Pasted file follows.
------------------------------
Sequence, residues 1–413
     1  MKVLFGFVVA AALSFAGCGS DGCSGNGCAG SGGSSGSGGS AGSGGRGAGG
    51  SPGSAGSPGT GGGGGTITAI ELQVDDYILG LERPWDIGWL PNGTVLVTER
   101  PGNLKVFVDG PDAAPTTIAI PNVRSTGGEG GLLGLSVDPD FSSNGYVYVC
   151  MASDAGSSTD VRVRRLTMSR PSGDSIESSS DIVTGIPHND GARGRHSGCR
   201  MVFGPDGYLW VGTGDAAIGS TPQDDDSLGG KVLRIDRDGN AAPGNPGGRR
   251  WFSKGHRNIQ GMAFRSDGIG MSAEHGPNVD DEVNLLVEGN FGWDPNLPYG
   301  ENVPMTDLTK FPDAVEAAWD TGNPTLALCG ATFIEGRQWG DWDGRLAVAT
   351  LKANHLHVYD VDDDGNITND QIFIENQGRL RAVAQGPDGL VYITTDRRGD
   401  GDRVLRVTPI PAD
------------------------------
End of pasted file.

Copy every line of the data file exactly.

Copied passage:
Sequence, residues 1–413
     1  MKVLFGFVVA AALSFAGCGS DGCSGNGCAG SGGSSGSGGS AGSGGRGAGG
    51  SPGSAGSPGT GGGGGTITAI ELQVDDYILG LERPWDIGWL PNGTVLVTER
   101  PGNLKVFVDG PDAAPTTIAI PNVRSTGGEG GLLGLSVDPD FSSNGYVYVC
   151  MASDAGSSTD VRVRRLTMSR PSGDSIESSS DIVTGIPHND GARGRHSGCR
   201  MVFGPDGYLW VGTGDAAIGS TPQDDDSLGG KVLRIDRDGN AAPGNPGGRR
   251  WFSKGHRNIQ GMAFRSDGIG MSAEHGPNVD DEVNLLVEGN FGWDPNLPYG
   301  ENVPMTDLTK FPDAVEAAWD TGNPTLALCG ATFIEGRQWG DWDGRLAVAT
   351  LKANHLHVYD VDDDGNITND QIFIENQGRL RAVAQGPDGL VYITTDRRGD
   401  GDRVLRVTPI PAD